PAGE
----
Today’s topic is Solitaire by Alice Oseman. For those who were with me this weekend, this reveiw is the excuse for my behaviour. Thoroughly  enjoyable! By the way: This author seems awesome .


This book was interesting. At first I wasn’t sure, but once I started, I couldn’t stop. Solitaire is about Tori Spring, who is an extreme introvert and pretty much keeps to herself. But a website pulling pranks at her school- all mysteriously connected to her- and a boy called Michael Holden with his own demons, force her to come out of her shell. The character development in this book was excellent, the plot was skillfully written while also being realistic.
Tori goes to school. She hates reading and stays up late watching movies. Her brother who is anorexic/ OCD, though really friendly and awesome apart from that. For a long time Tori has just had one friend, who she doesn’t even know that well. She is the first person to find the Solitaire blog, along with Michael. As everything gets more and more serious, Tori realises that she has to stop hiding inside her blog and reach out to others if she wants to change things.
The character development in this book is amazing. We meet Tori, who “came out of the womb spouting pessimism and wishing for rain” She sees all that is going on, but is just an observer. Participating in life is almost too hard for her. She hangs out with “Our Lot”, none of whom she really likes. Meeting Lucas, her best friend from primary, makes her realise that she has no life. As Solitaire takes over her life, and her brother has a relapse, and she can’t talk to anyone, and her brother gets beaten up for being gay by her best friends not-quite-exactly-boyfriend, she understands how trapped she is. She starts to lash out, especially at her “friend” Becky and Michael. She realises that no-one is doing anything. But she is no longer sure of how to do stuff herself. As all about Solitaire is revealed, she has to do something. So she does.
I loved how this book built up. Seeing Tori’s different reactions to people- so awkward and funny and sad- made me empathize with her. She is os lost, and I can identify with that. Also I agree with her stance on the internet- wonderful until it is boring. Tori’s reactions to the different people in her life define them, and her, and seeing how she is wary of Michael, and then becomes his friend is expertly portrayed. I love how Alice understands Tori’s need to hide, then slowly presents her with different situation that make her go further and further from her comfort zone.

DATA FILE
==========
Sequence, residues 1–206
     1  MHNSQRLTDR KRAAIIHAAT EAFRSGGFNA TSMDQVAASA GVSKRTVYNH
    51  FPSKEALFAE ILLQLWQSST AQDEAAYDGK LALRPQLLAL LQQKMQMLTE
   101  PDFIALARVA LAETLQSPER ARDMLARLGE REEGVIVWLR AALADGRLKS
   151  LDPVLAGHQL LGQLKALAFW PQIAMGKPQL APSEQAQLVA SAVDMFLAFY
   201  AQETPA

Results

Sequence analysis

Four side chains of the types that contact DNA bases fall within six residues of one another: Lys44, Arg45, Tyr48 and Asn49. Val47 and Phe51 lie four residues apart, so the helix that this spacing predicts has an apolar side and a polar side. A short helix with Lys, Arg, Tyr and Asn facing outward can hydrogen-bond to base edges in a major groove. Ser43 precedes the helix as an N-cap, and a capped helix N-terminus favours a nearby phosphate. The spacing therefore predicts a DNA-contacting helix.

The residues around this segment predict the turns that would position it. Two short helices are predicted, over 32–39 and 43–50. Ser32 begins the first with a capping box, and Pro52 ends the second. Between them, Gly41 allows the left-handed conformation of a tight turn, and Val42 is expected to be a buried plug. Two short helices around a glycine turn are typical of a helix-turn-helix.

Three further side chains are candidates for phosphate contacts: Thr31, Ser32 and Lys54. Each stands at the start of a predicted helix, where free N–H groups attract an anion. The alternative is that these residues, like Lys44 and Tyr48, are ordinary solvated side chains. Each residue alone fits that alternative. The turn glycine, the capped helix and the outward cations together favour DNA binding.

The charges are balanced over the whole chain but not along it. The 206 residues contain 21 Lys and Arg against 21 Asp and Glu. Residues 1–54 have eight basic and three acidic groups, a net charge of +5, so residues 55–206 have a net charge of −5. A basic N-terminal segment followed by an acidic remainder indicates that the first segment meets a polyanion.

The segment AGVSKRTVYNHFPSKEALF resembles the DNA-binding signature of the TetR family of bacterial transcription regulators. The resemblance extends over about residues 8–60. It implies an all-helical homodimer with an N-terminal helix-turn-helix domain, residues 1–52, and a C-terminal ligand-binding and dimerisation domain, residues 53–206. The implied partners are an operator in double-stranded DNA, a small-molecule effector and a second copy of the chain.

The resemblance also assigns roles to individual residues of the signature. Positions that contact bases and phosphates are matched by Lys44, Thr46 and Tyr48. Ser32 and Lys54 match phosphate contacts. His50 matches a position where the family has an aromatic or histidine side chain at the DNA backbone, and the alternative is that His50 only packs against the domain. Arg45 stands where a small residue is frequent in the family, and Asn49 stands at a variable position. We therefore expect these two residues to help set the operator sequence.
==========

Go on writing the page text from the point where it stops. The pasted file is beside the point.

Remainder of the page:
This book is not a love story.
It is, however, a story about relationships. The way that Lucas and Tori’s relationship has warped is honestly shown. THe way that Beck and Victoria slowly stopped being friends is very well portrayed as well. But best of all is Michel and Tori. Tori sees Michael’s speed skating skill and craziness and friendliness to her as perfect. She is unable to understand how he can care so little about other people’s opinions. Michael sees Toris quietness and proneness to uncontrollable fits of laughter- at least when he’s around-as very appealing. Seeing how well they work together is just so real. This author is definitely a teenager because she understands us so well. Tori and Michael… they don’t complete each other, but they each contribute something to each other and become better people. The fact that they don’t realise their value to each other until the end is so true.
I’ve kind of already described the plot. But it was excellent to. It was very smoothly written, and their were hardly any glitches. The level of suspense was excellent. The only complaint that I really have with this book is sometimes the dialogue was awkward. I also wish that Tori was given a little more backstory. Apart from that, I loved this book. I reccommend it for people who like engaging, suspenseful contemporary novels, those who are introverts, and anyone who liked Rainbow Rowells’ Fangirl, Gayle Forman, or Maureen Johnson.
A review copy of this book was provided by Pt. Chev Books. Thank you :).

One thought on “Solitaire

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